The King of Hearst

Having long suffered an inferiority complex, Hearst's parsimonious ways are becoming the industry norm.

with contributions from Amy Wicks
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Frank Bennack

Photo By Stephen Lovekin/WireImage

Appeared In
Special Issue
WWDStyle issue 01/12/2011

In October 2008, Hearst set out its own project to create Food Network Magazine, one other publishing companies at the time held their nose to. But for Hearst, it was a coup, and only a couple of years after it launched, the title is the best-selling food magazine off the newsstand, the third best in selling ads, and its ad pages rose 78 percent in 2010. At a time when magazine executives are saying the words “revenue” and “bottom line” more often than talking about the magic of glossy magazines, Food Network Magazine is a property even its rivals would be proud to own.

It’s also a model that Hearst, having proven it successful, is ready to adopt again. WWD has learned the company will launch a magazine later this year in a joint venture with Scripps for an HGTV Magazine. It will be run the same way as Food Network: soft launch, lots of testing, cautious approach and, if it’s a hit, will be expanded.

The company has also embraced the world of reality TV in a way no other publisher has, with shows such as Marie Claire’s “Running in Heels” on the Style Network; “The Fashion Show,” which partners with Harper’s Bazaar on Bravo, and now it is close to snaring Elle, the magazine that essentially kicked off the genre with “Project Runway” (after a long legal battle, Hearst’s Marie Claire now works with the show).

Elle and creative director Joe Zee had a decent run more recently on MTV with “The City,” a spin-off of “The Hills.” And now Zee is getting a show of his own, “All on the Line,” on the Sundance Channel, which will make its debut in the spring. The show has been advertised as having Zee show a little tough love to struggling designers who need help salvaging their businesses.

“The world isn’t that siloed anymore,” a former executive at Condé Nast and Hearst said. “Will Oprah or Food Network ever be highbrow? No. But those are viable businesses.”

“A few years ago, when everyone made fun of us, and Condé was the big thing, there was a sense of why not me?” said a Hearst staffer. “Now there is a sense of optimism and that things will change.”

Hearst has had layoffs over the last few years, but they were not nearly as public or gut-wrenching as those at places like Time Inc., Condé Nast or elsewhere. In fact, the overwhelming sentiment at Hearst is how, despite some cuts, life feels relatively the same.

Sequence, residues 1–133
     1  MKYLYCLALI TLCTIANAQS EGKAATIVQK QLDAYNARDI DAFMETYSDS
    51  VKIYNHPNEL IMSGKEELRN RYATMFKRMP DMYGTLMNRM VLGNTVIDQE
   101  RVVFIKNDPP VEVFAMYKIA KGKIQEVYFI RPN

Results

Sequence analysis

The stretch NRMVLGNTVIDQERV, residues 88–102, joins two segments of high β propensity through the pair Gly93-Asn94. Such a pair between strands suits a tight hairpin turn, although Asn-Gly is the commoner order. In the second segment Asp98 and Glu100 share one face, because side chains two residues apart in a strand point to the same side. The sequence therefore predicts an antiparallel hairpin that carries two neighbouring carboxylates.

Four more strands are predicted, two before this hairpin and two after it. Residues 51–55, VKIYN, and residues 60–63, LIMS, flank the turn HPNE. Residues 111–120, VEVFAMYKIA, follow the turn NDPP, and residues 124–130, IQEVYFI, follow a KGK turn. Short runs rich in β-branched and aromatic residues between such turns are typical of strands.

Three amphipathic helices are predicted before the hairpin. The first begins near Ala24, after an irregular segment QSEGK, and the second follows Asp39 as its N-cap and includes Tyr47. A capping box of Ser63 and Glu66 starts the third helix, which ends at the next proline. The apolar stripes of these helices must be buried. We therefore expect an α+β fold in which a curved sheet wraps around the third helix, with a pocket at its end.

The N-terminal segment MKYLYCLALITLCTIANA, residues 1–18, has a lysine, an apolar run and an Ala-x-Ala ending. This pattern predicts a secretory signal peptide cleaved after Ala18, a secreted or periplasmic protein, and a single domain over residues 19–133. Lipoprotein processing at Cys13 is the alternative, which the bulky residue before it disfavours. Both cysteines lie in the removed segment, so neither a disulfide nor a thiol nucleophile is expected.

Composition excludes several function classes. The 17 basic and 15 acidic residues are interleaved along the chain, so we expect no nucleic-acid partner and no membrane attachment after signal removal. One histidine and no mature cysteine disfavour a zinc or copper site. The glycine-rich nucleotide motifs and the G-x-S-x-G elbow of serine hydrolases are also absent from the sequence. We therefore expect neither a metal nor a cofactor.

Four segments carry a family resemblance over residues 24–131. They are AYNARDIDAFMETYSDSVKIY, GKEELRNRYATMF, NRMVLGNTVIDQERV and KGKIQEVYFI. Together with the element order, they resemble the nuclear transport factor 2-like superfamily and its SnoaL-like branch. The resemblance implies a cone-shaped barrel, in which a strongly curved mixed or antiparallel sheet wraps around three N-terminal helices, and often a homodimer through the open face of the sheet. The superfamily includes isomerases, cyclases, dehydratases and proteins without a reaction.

“I give Cathie credit for leading us through really tough times of recession,” said Ann Shoket, the editor in chief of Seventeen. “Those were crucial decisions that Cathie made to get us through tough times. Heads down. Tight budgets and staffs.…Was very well done there, well managed.”

Not that Condé Nast and Time Inc. are rolling over. Both have new senior management and both are stepping up their own investments in the Web world. While Time Inc. executives declined to comment, a Condé Nast spokeswoman said, “Condé Nast continues to be positioned for success, with the highest quality editorial products in print and digital — representing unique value to both our consumers and advertisers.”

Still, the long downtrodden feeling that used to permeate the hallways of Hearst as staffers would watch their competitors zoom around Manhattan in Town Cars and order takeaway from Balthazar appears to be diminishing. Hearst employees who spoke to WWD gushed about the recent citrus festival in the cafeteria at the Hearst Tower (“I bought two clementine oranges for 50 cents!” said one) and the recent video campaigns in the elevator that feature editors from Cosmopolitan and Redbook (“It’s so nice! It means the company likes us and is really nice!” said yet another).

“People are definitely looking differently at Hearst than they used to,” said one former Condé Nast and Hearst executive. “I don’t think Hearst has felt the sea change in corporate culture. It’s always run very efficiently and this is the Hearst that they’re used to. If anything, I think there’s a great sense of energy because there’s new management there.”

“After David got here I definitely received more résumés from people at Condé Nast and rival titles,” said Joanna Coles, the editor in chief of Marie Claire. “I do think the building helps. Such a steeple on the landscape of New York. And an expression of Hearst power.”

Hearst…Power? It is a topsy-turvy media world indeed.

Take the Elle deal: Observers might interpret it as a vanity play by Hearst — a move, in the Rodney Dangerfield method, “to get some respect.” Not so, Hearst executives insist. Sure, it will create better group-buy opportunities given the bundling of Elle, Marie Claire and Harper’s Bazaar. But Hearst wants Elle for a much more important reason: the rights to a portion of its 43 total international editions. That’s where the big revenues are. It’s a numbers game and, for Hearst — and, slowly, the rest of the industry — that’s all that matters these days.

Carey sums it up: “For us, prestige is a business with a healthy bottom line.”


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